Iris," came a low, smoky snarl from the doorway. "Come here." She felt Hugh's arms tighten around her as she glanced over her shoulder. Raphael stood on the threshold, Ubertino, Bardo, and Ivo behind him. Her husband's eyes were so icy a gray that from where she stood they nearly shone. 'Oh.' His gaze flickered from her to the man holding her. "Unhand. My. Wife." Raphael's face was set and stern, entirely frozen over and it occurred to her- strange thought at the moment- that she'd never heard him really laugh. He'd made only that cawing sound- not joyous laughter at all. Had he ever laughed since he was a boy? Or had his father destroyed all laughter in Raphael that night? It was a terrible thought. Out of the corner of her eye, Iris saw Riley and Jenkins, Hugh's men, sidle closer to her and Hugh. Raphael tracked their movement. The potential for violence seemed suddenly very high.
Elizabeth Hoyt (Duke of Desire (Maiden Lane, #12))
Those of us who measure a person's worth by dollars instead of dignity would do well to remember that Jesus couldn't afford a place to live (Matt. 8:20). Those of us who measure a person's potential by where she went to college should note that Jesus didn't go to college or to school at all (John 7:15). Those of us who measure a person's significance by their line of work ought to recall that Jesus worked with his hands (Mark 6:3). Those of us who measure a person's beauty by his external appearance should observe that Jesus was average looking at best, if not outright unattractive (Isa. 53:2). Those of us who determine whether or not we want to befriend a person on the basis of his popularity or the types of associations that he keeps should remember that Jesus was a man of no reputation, even his own people did not receive him, and he was chiefly seen as a friend to sinners (John 1:11; Matt 11:16-19). And those of us who measure a person's desirability by his marital and familial status ought not forget that Jesus had no wife and no children.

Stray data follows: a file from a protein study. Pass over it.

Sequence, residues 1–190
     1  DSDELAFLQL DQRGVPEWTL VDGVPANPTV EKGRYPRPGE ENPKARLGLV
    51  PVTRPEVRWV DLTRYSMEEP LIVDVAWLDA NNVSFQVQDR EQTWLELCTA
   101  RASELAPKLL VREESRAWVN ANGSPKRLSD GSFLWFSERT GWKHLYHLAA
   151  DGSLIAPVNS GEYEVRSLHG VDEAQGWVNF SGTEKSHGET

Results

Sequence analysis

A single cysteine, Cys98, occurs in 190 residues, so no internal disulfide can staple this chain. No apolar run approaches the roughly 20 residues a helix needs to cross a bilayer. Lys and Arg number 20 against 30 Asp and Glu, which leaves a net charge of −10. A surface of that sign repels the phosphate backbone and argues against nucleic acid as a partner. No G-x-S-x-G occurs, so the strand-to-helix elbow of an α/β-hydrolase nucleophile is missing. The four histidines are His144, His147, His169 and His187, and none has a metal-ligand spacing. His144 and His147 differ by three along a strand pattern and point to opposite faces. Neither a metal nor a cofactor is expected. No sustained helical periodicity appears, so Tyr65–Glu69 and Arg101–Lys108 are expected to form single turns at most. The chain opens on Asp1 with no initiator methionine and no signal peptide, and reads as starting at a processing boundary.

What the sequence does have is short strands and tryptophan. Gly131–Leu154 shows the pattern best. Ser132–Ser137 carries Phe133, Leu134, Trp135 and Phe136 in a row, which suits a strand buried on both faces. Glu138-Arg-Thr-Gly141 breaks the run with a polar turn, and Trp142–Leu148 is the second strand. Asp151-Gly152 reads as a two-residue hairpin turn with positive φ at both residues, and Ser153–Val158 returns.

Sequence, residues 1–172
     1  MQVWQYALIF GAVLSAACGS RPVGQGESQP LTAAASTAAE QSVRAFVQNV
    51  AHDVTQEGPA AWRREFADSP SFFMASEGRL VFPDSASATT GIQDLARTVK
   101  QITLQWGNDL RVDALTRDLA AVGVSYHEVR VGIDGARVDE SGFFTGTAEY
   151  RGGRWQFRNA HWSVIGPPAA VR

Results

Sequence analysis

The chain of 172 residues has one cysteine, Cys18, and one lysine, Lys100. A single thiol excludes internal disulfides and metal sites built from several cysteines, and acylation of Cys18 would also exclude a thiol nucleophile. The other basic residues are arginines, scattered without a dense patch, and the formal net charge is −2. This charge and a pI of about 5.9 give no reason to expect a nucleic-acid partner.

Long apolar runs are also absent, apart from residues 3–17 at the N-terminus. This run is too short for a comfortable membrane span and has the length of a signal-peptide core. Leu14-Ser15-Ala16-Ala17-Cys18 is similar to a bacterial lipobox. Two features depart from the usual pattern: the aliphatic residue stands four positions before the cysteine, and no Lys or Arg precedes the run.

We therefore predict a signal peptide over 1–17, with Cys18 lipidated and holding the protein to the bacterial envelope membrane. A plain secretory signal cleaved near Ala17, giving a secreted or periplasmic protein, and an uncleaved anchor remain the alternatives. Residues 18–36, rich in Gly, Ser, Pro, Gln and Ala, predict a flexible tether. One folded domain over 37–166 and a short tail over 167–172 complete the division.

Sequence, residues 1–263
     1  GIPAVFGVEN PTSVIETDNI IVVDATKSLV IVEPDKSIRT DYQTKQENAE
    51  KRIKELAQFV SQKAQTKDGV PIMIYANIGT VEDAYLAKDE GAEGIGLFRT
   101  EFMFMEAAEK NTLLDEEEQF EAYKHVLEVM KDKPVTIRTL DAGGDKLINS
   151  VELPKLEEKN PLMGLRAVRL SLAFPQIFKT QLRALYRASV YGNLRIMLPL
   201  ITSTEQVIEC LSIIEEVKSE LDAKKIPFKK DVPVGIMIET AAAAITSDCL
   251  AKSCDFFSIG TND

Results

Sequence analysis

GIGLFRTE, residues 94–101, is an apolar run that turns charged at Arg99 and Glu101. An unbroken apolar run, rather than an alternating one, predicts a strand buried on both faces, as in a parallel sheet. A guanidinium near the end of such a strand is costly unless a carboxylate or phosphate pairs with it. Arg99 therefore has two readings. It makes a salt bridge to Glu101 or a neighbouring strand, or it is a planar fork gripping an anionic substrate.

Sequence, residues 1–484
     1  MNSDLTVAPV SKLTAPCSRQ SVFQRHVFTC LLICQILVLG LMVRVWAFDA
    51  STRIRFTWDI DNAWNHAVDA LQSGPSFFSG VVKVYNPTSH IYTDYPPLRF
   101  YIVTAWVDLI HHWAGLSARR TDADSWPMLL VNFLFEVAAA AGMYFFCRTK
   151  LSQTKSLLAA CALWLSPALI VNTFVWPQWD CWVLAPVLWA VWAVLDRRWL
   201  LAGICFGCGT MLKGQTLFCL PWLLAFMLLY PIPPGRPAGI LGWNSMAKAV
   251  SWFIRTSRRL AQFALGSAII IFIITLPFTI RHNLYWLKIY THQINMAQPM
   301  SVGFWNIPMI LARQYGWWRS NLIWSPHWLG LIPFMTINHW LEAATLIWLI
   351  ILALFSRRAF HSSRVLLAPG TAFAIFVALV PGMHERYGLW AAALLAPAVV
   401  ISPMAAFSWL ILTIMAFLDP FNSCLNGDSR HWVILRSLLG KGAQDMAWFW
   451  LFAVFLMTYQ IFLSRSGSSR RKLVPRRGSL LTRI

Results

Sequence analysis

Scott Sauls (A Gentle Answer: Our 'Secret Weapon' in an Age of Us Against Them)